• Easy, just put them on the next Shuttle flight. Ahhh, too soon? But seriously, will these fit on Dragon?
    • by Zocalo (252965)
      You do know that NASA has other launch [wikipedia.org] vehicles [wikipedia.org] than the Shuttle, right?
      • by afidel (530433)
        Something the size of Hubble is going to require a The Delta IV Medium+ or Delta IV Heavy given the need for a 5m payload fairing. In fact it's likely that these satellites are the reason for the 5m variants.
      • by Macrat (638047)

        You do know that NASA has other launch [wikipedia.org] vehicles [wikipedia.org] than the Shuttle, right?

        Other, more expensive, launch vehicles.

    • by Macrat (638047)
      Dragon is a capsule. I think you mean the Falcon launcher.
  • Say whaaa? (Score:4, Insightful)

    by pesho (843750) on Monday June 04, 2012 @04:27PM (#40213105)
    Should I be excited that NASA can use the hardware to move projects off the backburner or should I be depressed that NRO is so well funded that they are building toys they don't really need? Now that's the kind of news that can give you bipolar disorder. How can people who have been pinching NASA's pennies for years now can justify secretly building not one but two Hubble class telescopes for which they have no use?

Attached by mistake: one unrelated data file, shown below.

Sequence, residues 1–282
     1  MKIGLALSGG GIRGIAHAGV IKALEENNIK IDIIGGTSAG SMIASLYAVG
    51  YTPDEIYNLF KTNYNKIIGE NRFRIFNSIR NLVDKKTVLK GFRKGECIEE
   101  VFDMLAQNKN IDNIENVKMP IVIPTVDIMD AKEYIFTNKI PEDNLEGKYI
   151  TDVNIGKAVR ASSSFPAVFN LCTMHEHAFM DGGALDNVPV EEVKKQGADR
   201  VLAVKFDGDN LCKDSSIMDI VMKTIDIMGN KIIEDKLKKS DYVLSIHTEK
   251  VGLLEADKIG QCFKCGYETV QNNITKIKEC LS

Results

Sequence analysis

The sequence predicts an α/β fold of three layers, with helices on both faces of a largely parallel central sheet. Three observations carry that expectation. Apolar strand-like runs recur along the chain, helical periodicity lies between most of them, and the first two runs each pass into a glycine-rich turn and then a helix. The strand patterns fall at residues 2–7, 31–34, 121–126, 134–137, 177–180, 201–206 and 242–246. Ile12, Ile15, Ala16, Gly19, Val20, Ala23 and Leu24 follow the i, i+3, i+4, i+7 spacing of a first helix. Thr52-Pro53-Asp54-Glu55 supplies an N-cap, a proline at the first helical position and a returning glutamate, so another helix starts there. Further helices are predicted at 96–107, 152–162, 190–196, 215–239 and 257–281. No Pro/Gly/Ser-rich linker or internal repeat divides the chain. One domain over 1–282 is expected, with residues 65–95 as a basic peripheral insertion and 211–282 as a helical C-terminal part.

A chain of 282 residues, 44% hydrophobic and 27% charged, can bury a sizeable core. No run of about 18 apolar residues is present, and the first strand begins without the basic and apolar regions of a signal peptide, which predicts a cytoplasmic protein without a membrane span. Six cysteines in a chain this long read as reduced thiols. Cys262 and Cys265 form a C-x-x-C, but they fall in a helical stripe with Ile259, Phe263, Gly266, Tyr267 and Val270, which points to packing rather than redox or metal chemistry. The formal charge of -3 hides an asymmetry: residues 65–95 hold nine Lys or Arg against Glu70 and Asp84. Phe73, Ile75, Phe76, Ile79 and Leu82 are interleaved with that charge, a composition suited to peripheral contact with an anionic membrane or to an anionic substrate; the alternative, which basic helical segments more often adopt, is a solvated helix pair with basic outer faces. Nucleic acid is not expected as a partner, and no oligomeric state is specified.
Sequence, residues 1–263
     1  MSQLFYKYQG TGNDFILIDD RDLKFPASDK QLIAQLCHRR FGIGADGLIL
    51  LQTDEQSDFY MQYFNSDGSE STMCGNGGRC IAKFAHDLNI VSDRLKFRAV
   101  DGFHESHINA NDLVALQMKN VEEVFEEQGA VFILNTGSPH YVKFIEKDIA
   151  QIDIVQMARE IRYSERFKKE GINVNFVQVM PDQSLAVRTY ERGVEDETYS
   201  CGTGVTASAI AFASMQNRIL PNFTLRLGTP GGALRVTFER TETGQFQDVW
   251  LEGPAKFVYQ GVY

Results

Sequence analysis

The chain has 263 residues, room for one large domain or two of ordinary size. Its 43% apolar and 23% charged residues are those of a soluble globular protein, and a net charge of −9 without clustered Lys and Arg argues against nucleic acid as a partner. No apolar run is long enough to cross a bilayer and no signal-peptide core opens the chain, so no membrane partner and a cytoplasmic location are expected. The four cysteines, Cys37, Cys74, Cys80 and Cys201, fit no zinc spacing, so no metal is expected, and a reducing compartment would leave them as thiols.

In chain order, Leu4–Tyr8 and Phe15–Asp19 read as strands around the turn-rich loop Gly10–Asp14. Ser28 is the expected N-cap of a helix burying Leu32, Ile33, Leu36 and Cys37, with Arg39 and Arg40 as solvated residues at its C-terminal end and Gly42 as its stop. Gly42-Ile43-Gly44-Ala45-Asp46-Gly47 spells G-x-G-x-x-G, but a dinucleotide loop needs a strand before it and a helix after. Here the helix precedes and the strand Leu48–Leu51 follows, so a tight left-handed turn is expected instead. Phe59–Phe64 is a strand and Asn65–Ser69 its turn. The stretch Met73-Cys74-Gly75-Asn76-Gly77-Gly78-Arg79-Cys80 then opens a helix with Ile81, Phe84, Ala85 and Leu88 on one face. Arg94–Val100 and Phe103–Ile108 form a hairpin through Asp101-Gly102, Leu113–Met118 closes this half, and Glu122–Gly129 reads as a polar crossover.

• by gstoddart (321705)

      How can people who have been pinching NASA's pennies for years now can justify secretly building not one but two Hubble class telescopes for which they have no use?

      Same thing they've been using to justify everything for the last 11 years or so -- terrorists and national security, with the odd bit of protecting children thrown in for good measure.

      They likely developed something way cooler than these since they were commissioned.

      The military-industrial complex does loads of stuff they don't like to tell peopl

  • This really goes to show you the budget humans have allocated to watching/killing each other vs. the budget allocated for exploring the deepest reaches of outer space. Military comes first, science gets the scraps.
    • by turing_m (1030530)

      I'd rather not look this gift horse in the mouth. (Though in Soviet Russia, gift horse looks you in mouth.)

  • Why these exist (Score:4, Interesting)

    by Maximum Prophet (716608) on Monday June 04, 2012 @04:29PM (#40213135)
    Back in the early '80s, the NRO had extra "black projects" money, because its satellites were lasting longer than the design goals, so they didn't need as many. So they used the extra money to build a really nice campus near DC. Congress found out only after it was completed, and had a small cow.

    I imagine that that is exactly what these were, spares that were never needed. As other commentors have noticed, they probably are obsolete, and since they don't have any instruments, are probably very adaptable to astronomy.